And then you'll try to reuse something in a different part of the codebase and realize that everything looks like trash, right? And so kind of beginning to part of like implementing a design system being to maintain your codebase is taking the surface area of choice and constraining it as much as possible.

So let's look at how to do that in Tailwind, but like it could. We'll see CSS variables in a little bit. I'll show you a strategy that we literally shipped this past Friday, right? So I'll show you that as well and kind of just some of our thinking around it.

So over in here, I've got those colors that you saw earlier. One of the things I would say as a workflow thing, and for whatever set of tools that you have, is if you can automate this in some way, this is great. So we happen to use Figma, but there's always a version of this that'll work for you.

There are plugins. So, for instance, there's variables to CSS. This tool is great, because I can grab this case colors, and then I can either generate a Tailwind theme or honestly CSS variables, right? And from the design system in Figma generate all of the CSS for variables that I might need, right?

And so this involves two things, though this involves how you structure your code, and also how you collaborate with the design team. Because if they're just using hex codes willy-nilly, then it doesn't really matter, like you're kind of stuck with that. So it involves a little bit of like, kind of like that collaboration working together.

But if you can kind of Come up with this system, you can first of all come up with a set of colors that you use and generate that, so at least you have a more defined set of colors. The other thing that you can do to take it one step further is we actually don't use those colors in our code base at all, right?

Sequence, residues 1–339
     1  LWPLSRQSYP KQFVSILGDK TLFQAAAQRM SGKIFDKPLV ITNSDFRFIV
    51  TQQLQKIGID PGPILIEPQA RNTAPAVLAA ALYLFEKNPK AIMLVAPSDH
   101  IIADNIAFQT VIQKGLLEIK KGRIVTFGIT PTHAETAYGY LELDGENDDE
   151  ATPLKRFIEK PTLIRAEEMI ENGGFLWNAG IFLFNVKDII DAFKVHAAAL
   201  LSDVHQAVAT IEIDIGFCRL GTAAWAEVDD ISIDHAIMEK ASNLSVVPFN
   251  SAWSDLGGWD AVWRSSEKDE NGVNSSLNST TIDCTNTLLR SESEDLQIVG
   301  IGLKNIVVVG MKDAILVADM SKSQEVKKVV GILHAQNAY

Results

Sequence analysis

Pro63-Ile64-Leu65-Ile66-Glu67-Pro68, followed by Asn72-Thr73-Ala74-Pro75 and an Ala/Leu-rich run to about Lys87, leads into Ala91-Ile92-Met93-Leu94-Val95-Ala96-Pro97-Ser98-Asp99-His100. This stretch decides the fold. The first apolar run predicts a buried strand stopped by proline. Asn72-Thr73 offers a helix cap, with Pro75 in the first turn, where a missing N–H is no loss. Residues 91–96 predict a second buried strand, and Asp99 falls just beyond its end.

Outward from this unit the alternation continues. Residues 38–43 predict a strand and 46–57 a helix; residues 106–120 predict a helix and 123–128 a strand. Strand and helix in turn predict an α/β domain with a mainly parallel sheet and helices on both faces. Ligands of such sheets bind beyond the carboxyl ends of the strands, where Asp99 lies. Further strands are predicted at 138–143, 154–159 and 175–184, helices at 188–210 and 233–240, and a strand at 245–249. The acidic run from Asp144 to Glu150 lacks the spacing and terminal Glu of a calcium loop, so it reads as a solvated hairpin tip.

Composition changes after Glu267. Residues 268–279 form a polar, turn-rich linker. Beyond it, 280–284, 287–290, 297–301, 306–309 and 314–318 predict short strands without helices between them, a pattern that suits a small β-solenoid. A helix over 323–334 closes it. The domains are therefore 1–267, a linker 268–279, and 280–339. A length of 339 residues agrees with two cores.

They're aliased to from, if you could see these component colors. And Ash and I worked on this for honestly two months because figuring out a naming convention that didn't drive us insane was really, really hard, and it will be different in your application. There's no silver bullet for solving this, but we then have, and this is just a smaller subset of, okay, we've got button primary default, button primary hover, button primary active, right?

I've got that for disabled buttons, ghost buttons, secondary buttons, input fields while they're disabled, and so there's a bunch of name colors that do alias to those colors, right? These are the only colors you're allowed to reference in our code base, right? Because we just literally hide the rest of the color.

You can't get the rest of them. And so then you just say, okay, this button should have reference to CSS variable that, we use CSS variables. It could be anything you want, that is this color. So now we need to change all the primary buttons. We just tweak that one variable.

And so we have all of that kinda put in place and instead of even those dark colon stuff, we actually just have a set of CSS variables that relate to everything we use in the code base. And then when you switch them to dark mode, we switch the values of those CSS variables.

So if we wanted to add seven more themes, what's involved in that? Going into Figma, once Ash finishes that up, going to variables2css, going to Component Colors, hitting Ignore aliases, and getting these new CSS variables. And having whatever the selector is that puts into high contrast mode, like summer mode, whatever, right?

And we can swap these out, and this is where that kind of both designers and how they structure the design system. And then for you and the way that you structure your code base and the implementation of that design system, take things that, like it took us six weeks to refactor our code base to do this.

It will take about six hours, not even that right just honestly just running through the tests and like, our tests are good, but a little clicking around is usually helpful as well. And you know beta stuff like that and like adding another theme will then not take any work whatsoever, right?

And just swapping out another mode with another set of variables, adding maybe the stories and stuff like that that kind of updating the automation around it, will work. Because if we go to three or four themes, having again, a set of automation around this really helps and this is kinda what we have set up in storybook and when you can too, in our time together.